And the next thing I’m going to see is the about section, which used to be the summary. And you have 2000 characters to tell your story. And when I say tell your story, you know, this should include keywords, because LinkedIn is a search engine, but it also needs to be interesting and compelling. And why do I? Why do you want to do business with me? So it has to be client-centric. So written from the client’s perspective, not yours. That’s what resumes are for. Yes, totally different. But, but having getting back to why it matters. You’re also going to enhance your own professional reputation.

So that’s big, right? If I’m searching for people in an industry, I’m looking at someone who’s credible, who, who has a great reputation. Having also this profile establishes trust a lot faster. So if it’s completed properly, and it really tells your story, you’re creating trust media. It absolutely can facilitate relationships with decision-makers because your profile is saying, here’s what I do. Here’s who I serve. Here’s results. I get for people and here’s what you can expect working with me. And here’s how to contact me. If you don’t have all those components that will help you attract people organically.

RK: I see. Perfect, perfect and on top of that JoAnne and profile optimization, the Help, you know, asking questions on groups or answering being helpful on groups? Will will that help generate inbound inquiries?

JoAnne Funch: It can although groups have become really stagnant in the last few years. Yeah, they’re not very active in groups. But this way, think of it differently. If you’re engaging with your network, meaning people are posting content on the homepage. And if you engage, intelligent comments, people are naturally going to click to see who you are.

RK: So…

JoAnne Funch: Profile!!

RK: Perfect. So more than focusing on groups it makes more sense these days to focus their efforts on the feeds, right, the LinkedIn feed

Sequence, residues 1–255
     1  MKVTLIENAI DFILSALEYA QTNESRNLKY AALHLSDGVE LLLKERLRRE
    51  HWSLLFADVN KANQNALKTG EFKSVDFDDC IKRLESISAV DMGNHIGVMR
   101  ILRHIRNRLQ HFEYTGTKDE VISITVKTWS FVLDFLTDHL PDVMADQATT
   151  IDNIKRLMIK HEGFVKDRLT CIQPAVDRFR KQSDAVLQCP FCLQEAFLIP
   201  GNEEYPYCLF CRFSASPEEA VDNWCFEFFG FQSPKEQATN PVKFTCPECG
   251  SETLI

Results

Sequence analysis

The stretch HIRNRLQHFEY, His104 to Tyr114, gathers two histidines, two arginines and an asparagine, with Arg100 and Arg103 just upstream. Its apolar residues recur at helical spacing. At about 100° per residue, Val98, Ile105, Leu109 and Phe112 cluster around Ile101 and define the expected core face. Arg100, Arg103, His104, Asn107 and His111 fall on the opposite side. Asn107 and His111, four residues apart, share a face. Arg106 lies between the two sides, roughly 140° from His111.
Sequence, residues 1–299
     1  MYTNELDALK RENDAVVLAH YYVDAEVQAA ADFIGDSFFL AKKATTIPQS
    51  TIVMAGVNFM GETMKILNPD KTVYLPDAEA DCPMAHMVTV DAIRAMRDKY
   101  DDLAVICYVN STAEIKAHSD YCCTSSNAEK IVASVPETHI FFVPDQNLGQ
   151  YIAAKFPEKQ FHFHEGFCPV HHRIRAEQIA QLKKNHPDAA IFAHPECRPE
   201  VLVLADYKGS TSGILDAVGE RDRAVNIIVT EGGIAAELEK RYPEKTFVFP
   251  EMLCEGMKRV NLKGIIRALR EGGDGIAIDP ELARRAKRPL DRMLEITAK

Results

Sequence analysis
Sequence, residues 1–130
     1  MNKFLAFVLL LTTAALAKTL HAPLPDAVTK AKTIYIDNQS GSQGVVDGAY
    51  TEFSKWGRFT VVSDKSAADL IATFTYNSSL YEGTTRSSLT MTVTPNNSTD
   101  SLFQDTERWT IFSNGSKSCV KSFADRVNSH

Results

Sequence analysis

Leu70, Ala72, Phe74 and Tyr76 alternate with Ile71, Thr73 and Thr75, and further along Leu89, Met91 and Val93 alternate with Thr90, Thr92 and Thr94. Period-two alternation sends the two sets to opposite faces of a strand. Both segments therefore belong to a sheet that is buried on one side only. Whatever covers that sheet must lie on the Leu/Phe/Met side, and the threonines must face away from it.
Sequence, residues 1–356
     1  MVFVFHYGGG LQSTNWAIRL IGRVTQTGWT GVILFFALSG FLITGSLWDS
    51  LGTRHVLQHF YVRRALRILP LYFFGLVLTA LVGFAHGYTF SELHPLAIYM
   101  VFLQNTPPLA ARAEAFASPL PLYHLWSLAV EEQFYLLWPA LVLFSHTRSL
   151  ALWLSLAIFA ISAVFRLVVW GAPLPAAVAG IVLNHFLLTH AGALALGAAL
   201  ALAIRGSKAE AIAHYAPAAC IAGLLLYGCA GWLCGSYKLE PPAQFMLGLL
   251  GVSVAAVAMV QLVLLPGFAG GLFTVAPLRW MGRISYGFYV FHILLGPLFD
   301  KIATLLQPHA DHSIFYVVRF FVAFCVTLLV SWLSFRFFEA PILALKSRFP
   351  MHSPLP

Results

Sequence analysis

JoAnne Funch: Content! It’s all about content!

RK: Absolutely. Great.

RK: Great. So, which leads me to the next question, which I would ask you, which is, do you recommend spending some time every day on LinkedIn? So do you have any kind of ritual that you recommend my audience to follow, you know, to get out maximize their, their ability to, you know, create more impact, you know, on LinkedIn?

JoAnne Funch: Yes. So consistency is key. I’m glad you brought that up, because the more consistent you are your training LinkedIn algorithm to show that basically, so here’s what I would do and here’s what I do every day. Number one, I always open and scan the newsfeed which is the homepage and I look for opportunities to engage with people, both them I know and that I don’t know.

Oh, here’s what I mean by that to break that down further.

Number one I am, I look for my clients. Okay, I’ve tried to show them that they’re seen by me comment on their posts, I helping them. Okay.

Number two, I scan quickly to see if anybody asks a question. I can answer a lot of questions for people. That right. That might not be my expertise. But somebody might say, Does anyone know a graphic designer in Minneapolis? And I can chime in and say, yeah, here’s why I recommend, be helpful. That’s tip number two, find ways to be helpful.